China’s “Green Miracle”- Reforestation of Kubuqi Desert
Kubuqi Desert in Inner Mongolia of China, comprises of around 18,600 sq km of golden sand dunes that plunge south in an arc from the country’s Yellow River. Centuries of grazing had denuded the land of all vegetation, and the region’s 740,000 people were wallowing in isolated poverty.
But it is now improving. A Chinese firm Elion Resources Group in 1988 partnered with local people and the the government to combat desertification. Almost three decades later, one third of the desert has been greened. Special plants have been grown to grip the shifting sands and to prevent the dunes encroaching on farms and villages.
The cattle have returned, and secondary industries have sprung up, with tourists flocking to new locally-run hotels and restaurants, eager to explore the dunes on boards and buggies. The United Nations Environment Programme estimates the Kubuqi Ecological Restoration Project — to give the greening of the desert its formal name — to be worth $1.8 billion over 50 years.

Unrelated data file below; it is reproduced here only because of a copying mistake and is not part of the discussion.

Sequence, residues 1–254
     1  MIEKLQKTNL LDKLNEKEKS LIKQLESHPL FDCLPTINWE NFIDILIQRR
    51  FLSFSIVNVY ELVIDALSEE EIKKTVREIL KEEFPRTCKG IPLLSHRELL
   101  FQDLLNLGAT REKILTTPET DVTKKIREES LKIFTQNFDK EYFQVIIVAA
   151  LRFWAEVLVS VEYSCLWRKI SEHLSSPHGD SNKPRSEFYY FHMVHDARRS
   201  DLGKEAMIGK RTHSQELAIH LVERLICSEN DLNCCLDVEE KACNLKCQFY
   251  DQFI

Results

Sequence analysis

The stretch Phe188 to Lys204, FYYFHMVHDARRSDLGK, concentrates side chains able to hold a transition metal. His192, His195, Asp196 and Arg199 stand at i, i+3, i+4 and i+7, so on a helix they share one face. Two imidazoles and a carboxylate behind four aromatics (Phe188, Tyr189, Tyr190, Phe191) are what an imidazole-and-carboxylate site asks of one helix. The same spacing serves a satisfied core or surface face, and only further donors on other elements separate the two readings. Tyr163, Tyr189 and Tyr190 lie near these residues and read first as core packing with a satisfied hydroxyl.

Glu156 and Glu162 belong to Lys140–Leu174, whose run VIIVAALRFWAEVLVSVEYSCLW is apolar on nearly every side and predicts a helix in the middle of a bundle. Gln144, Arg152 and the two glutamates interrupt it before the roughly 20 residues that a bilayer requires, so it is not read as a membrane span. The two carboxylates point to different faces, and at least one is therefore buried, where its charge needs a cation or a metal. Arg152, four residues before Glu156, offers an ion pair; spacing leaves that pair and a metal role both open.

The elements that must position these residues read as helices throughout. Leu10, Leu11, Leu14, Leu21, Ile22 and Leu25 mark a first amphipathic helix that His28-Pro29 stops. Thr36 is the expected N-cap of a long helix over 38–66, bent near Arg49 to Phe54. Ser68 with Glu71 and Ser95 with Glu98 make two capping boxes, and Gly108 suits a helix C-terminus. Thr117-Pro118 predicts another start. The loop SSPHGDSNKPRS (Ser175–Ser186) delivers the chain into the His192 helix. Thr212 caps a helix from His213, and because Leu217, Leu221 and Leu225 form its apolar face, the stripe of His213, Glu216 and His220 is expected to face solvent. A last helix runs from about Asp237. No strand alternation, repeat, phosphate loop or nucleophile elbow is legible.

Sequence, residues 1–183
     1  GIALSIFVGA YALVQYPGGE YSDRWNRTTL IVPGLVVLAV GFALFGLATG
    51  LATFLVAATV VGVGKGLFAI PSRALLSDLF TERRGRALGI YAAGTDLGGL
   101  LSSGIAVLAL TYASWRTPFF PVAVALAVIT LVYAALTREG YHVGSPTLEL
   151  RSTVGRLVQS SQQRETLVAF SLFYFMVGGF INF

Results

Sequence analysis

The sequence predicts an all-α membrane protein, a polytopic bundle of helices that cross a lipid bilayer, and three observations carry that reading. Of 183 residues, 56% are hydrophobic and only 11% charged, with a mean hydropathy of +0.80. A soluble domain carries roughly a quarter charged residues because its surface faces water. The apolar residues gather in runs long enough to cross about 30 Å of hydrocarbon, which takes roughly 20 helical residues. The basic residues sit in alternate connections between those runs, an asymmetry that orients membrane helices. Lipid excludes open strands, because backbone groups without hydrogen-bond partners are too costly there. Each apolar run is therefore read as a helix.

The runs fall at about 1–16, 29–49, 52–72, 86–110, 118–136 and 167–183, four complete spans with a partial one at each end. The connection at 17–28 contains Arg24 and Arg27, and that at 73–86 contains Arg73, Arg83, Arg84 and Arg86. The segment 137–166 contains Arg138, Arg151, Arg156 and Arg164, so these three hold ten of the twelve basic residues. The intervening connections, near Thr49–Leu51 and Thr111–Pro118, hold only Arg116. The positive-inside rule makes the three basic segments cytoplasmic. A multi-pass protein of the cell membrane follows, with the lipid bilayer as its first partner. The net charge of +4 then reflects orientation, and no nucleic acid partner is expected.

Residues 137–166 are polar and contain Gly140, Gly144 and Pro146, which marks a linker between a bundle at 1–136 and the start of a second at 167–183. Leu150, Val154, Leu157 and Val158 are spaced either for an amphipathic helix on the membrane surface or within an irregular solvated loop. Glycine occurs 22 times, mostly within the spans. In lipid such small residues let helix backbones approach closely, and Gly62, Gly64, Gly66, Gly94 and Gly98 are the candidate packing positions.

Kubuqi’s transformation burnishes China’s credentials as an environmental leader at a time when Washington is retreating from its international commitments. When President Donald Trump refused to reconsider U.S. withdrawal from the Paris Climate agreement.
Chinese President Xi Jinping had already made that pitch when he become the first Chinese leader to address the World Economic Forum in Davos in January, calling the Paris Agreement “a responsibility we must assume for future generations.” China is the world’s largest renewable-energy investor (nearly $90 billion last year) and employs 40% of the sector’s global workforce, aiming for 13 million jobs by 2020. Today, five of the world’s top six solar manufacturing firms hail from China, where the cost of panels dropped 30% this year.
Kubuqi boasts China’s largest single-stage solar farm, boasting 650,000 fixed and sun-tracking panels, which together channel 1,000 megawatts of electricity into the national grid.
The Kubuqi project illustrates how private firms can tackle environmental degradation, boost livelihoods and safeguarding the planet — all while chasing profits for themselves. The scheme won Elion the 2013 Global Dryland Champion Award — a prize given out by the U.N. Convention to Combat Desertification — in recognition of the “tremendous impact” on local people’s lives.